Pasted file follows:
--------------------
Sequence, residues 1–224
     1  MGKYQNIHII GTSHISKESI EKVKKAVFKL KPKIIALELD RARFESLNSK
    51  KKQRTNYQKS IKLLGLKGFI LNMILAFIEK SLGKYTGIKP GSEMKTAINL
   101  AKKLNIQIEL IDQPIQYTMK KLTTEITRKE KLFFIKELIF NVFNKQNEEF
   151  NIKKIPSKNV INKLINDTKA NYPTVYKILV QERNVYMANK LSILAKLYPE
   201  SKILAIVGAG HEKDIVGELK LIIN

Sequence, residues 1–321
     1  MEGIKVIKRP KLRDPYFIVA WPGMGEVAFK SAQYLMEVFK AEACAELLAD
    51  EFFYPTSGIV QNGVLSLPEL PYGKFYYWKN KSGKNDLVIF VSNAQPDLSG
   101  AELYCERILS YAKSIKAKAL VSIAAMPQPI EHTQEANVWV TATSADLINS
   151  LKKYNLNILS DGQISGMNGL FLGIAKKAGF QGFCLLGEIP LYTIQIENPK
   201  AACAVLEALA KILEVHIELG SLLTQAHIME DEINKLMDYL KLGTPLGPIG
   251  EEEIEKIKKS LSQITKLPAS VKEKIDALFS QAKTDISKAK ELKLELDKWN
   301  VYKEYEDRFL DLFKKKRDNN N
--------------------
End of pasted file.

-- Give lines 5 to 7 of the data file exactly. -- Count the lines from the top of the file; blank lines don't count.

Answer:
   151  NIKKIPSKNV INKLINDTKA NYPTVYKILV QERNVYMANK LSILAKLYPE
   201  SKILAIVGAG HEKDIVGELK LIIN

Sequence, residues 1–321